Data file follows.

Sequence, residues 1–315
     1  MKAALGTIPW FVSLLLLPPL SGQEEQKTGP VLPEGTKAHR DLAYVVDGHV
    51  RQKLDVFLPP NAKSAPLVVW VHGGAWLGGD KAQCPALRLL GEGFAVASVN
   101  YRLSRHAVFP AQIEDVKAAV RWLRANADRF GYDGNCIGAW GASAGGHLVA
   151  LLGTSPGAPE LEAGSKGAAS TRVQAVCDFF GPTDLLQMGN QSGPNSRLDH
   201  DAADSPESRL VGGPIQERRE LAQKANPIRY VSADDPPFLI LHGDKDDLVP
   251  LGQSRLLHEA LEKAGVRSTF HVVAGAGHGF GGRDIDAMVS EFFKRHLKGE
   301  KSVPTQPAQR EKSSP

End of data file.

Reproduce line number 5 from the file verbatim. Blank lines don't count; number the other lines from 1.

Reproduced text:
   151  LLGTSPGAPE LEAGSKGAAS TRVQAVCDFF GPTDLLQMGN QSGPNSRLDH